The FE sector in England could provide a model of employer engagement for its counterpart in India, according to a senior diplomat.
Ranjan Mathai, the High Commissioner of India to the UK, said his country could learn from English colleges how employers and education can work more closely together.
Mr Mathai was speaking after a tour of the state-of-the-art engineering and construction facilities at West Nottinghamshire College last week at the invitation of principal Dame Asha Khemka.
“I was particularly impressed by the industrial training in engineering and construction at the college,” he said. “These were really impressive places and the quality of the work is excellent.
“In India, we have similar institutes of training in these areas. We can certainly learn from this college how well connected you are with employers, while we move towards training millions of citizens in vocational subjects.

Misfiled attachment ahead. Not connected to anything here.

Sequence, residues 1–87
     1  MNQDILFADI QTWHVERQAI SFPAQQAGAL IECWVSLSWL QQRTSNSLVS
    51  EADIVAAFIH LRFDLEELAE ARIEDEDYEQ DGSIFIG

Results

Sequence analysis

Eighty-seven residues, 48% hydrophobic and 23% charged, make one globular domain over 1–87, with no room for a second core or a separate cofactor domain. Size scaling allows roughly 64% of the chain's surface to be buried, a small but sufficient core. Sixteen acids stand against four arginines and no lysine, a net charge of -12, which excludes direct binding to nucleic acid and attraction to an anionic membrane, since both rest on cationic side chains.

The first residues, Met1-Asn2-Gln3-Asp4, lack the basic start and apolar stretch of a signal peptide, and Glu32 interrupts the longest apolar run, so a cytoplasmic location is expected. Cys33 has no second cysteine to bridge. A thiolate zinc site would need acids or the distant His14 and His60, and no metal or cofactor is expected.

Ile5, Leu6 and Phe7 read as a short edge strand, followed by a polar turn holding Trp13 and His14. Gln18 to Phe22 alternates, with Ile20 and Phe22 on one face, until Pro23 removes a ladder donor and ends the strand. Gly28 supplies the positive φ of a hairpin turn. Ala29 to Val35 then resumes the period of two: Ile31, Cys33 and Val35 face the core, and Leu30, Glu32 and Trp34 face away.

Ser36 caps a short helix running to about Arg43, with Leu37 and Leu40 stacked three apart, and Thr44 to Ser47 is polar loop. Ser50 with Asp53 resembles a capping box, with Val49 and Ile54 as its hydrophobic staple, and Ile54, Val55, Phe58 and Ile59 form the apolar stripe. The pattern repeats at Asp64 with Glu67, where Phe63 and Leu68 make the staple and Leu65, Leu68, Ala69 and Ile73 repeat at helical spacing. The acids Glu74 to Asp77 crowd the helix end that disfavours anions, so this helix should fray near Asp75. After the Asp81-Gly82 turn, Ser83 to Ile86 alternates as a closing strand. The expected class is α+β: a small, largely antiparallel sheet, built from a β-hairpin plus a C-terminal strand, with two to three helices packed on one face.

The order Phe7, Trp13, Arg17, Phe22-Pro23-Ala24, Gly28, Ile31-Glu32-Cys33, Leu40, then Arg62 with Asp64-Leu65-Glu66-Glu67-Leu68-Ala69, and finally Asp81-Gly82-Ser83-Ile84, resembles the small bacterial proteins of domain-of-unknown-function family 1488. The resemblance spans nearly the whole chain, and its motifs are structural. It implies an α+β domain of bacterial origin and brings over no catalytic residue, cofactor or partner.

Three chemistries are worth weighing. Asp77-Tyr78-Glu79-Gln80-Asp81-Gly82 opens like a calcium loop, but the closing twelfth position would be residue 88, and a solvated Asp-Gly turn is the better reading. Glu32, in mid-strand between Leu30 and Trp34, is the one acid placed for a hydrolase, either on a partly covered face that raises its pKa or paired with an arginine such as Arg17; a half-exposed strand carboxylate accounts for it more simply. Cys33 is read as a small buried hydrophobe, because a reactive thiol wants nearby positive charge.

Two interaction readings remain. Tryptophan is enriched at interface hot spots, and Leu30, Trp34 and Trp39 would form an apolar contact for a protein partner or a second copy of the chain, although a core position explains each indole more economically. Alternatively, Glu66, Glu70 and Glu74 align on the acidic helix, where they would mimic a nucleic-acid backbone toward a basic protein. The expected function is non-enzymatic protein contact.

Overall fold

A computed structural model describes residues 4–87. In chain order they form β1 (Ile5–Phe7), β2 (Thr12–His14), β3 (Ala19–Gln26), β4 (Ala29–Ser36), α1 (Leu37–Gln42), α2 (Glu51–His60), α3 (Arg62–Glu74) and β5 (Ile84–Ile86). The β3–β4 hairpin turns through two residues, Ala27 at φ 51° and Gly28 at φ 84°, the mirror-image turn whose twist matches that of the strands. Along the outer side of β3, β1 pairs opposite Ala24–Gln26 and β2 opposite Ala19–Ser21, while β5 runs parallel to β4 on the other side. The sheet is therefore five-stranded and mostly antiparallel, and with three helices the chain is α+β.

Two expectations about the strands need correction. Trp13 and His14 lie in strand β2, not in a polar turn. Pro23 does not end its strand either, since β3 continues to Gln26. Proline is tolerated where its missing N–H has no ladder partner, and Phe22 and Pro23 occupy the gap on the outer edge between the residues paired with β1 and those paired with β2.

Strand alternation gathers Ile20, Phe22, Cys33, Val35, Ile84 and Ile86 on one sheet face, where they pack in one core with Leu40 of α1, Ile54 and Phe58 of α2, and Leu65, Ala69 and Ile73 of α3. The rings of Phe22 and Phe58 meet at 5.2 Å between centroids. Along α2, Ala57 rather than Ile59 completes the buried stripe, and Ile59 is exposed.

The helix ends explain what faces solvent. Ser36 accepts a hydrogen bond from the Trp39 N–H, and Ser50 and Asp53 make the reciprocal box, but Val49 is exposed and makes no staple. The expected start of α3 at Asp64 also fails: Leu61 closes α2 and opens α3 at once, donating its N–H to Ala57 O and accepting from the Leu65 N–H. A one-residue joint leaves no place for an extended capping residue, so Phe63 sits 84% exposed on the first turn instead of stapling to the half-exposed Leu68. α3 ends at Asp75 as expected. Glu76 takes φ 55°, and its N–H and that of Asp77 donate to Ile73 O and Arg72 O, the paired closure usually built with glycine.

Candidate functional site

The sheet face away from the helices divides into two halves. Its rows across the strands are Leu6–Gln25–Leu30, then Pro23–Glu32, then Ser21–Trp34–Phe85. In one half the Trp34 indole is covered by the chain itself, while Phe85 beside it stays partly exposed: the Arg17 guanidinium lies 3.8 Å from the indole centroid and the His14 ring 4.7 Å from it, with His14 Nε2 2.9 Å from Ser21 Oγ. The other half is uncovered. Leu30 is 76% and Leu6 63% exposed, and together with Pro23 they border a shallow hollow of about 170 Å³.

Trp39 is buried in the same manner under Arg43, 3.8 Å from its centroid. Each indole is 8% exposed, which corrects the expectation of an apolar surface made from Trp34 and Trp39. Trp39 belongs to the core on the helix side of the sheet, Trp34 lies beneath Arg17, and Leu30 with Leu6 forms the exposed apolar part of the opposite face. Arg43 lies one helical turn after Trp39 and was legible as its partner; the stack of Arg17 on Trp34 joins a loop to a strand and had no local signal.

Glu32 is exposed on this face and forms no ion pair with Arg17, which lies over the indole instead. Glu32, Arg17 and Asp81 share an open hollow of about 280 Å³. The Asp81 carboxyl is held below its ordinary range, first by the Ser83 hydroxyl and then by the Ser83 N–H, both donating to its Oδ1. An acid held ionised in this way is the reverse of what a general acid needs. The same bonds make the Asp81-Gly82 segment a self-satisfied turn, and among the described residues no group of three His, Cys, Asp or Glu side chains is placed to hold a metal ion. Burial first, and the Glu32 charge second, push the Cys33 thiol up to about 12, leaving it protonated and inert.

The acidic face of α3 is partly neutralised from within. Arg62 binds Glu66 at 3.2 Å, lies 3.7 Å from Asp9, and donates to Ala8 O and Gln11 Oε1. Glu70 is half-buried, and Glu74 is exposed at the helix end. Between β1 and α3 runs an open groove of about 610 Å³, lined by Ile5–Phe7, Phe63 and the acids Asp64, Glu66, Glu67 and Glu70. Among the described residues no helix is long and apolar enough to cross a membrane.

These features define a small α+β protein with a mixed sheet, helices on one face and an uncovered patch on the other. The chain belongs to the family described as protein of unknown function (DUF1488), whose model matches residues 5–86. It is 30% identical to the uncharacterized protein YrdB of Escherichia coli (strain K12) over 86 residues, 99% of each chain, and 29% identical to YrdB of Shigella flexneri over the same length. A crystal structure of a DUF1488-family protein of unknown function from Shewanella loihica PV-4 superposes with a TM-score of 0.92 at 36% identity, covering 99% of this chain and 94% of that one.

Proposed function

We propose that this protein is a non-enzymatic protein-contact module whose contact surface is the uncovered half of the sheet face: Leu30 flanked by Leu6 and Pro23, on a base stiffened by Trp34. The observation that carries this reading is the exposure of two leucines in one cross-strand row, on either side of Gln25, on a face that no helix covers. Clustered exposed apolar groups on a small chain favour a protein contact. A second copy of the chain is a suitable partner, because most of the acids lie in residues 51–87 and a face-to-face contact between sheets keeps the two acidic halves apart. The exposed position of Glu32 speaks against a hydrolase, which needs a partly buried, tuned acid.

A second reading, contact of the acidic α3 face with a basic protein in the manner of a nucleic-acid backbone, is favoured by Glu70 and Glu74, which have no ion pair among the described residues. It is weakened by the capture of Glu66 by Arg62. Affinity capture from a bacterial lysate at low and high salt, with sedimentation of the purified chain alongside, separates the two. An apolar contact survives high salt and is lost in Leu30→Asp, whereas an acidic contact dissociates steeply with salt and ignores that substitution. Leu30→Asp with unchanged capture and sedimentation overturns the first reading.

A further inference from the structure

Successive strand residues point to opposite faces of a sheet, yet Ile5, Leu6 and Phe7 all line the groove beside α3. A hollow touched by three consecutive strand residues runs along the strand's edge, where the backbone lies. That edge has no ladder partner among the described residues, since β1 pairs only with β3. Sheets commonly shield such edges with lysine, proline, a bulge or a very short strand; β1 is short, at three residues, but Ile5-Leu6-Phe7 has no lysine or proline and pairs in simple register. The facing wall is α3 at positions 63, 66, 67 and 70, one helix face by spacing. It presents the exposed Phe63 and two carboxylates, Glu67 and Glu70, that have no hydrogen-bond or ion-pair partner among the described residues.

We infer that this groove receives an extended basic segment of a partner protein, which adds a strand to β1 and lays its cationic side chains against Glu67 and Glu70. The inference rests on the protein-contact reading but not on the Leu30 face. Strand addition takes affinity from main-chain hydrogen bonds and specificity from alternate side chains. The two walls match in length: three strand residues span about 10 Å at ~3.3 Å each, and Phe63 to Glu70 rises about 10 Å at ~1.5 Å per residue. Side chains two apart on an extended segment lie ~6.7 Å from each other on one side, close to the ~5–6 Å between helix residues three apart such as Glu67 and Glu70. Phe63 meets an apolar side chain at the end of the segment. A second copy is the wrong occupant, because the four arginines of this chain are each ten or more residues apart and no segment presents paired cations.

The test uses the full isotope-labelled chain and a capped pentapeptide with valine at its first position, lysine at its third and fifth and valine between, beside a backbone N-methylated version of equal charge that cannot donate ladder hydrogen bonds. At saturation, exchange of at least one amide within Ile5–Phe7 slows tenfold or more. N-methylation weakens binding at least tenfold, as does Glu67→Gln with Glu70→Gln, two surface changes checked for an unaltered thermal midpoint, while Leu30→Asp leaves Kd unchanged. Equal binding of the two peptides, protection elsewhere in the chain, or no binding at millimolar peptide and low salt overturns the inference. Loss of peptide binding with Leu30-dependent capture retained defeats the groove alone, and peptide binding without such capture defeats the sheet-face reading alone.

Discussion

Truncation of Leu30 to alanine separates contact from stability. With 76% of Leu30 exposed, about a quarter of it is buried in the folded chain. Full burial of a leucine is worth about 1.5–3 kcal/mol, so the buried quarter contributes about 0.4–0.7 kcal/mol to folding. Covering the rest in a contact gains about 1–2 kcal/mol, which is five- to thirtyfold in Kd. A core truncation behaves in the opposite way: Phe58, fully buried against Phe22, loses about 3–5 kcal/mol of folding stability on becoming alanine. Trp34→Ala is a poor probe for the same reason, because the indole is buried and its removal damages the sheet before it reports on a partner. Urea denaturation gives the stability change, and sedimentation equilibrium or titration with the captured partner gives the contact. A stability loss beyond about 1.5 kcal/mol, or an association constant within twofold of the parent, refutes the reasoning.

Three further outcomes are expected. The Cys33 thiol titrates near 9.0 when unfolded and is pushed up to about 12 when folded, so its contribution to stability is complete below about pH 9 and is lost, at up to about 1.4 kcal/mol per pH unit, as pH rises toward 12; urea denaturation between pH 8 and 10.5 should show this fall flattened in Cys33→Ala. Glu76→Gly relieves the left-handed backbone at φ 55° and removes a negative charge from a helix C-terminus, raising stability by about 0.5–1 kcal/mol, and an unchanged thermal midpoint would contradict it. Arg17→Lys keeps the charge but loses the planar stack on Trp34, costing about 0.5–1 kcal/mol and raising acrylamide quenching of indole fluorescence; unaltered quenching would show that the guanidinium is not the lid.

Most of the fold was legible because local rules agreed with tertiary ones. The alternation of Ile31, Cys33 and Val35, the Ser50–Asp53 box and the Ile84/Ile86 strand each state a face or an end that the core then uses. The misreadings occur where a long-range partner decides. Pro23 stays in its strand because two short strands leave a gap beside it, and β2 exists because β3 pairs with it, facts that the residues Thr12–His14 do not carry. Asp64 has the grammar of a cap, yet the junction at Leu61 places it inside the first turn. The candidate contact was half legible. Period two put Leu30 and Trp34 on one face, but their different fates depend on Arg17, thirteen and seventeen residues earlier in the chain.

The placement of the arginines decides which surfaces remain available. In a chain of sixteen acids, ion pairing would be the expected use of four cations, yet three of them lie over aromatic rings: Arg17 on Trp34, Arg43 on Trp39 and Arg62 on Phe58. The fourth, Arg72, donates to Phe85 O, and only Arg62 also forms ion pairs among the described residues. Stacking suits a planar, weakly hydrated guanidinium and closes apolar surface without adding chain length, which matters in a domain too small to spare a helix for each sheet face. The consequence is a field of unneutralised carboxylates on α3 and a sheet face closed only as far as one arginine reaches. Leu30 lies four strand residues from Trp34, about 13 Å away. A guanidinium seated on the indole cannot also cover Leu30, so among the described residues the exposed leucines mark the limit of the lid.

“It’s great to see close relations with businesses who help ensure the course content and the work undertaken is constantly updated to meet employers’ needs. When apprentices come in they can be already confident that they have great skills which are attractive to employers.”
Mr Mathai, a former Indian foreign secretary, spoke about the impact of the relations between the two countries and how business and education are developing rapidly in India, which wants to train more than 500 million people in vocational skills by 2022.
West Nottinghamshire principal Dame Asha, who arranged the visit, has championed the role of UK FE colleges in supporting the Indian government’s ambitions.
She helped found AoC India, a partnership of UK colleges aiming to help meet the sub-continent’s skills agenda, and has accompanied Prime Minister David Cameron on trade missions to the sub-continent.
Dame Asha, who married at the age of 15 and arrived in the UK from India with three small children and unable to speak English, was honoured for her work to improve relations between India and the UK with the inaugural Dadabhai Naoroji Award for Education last October.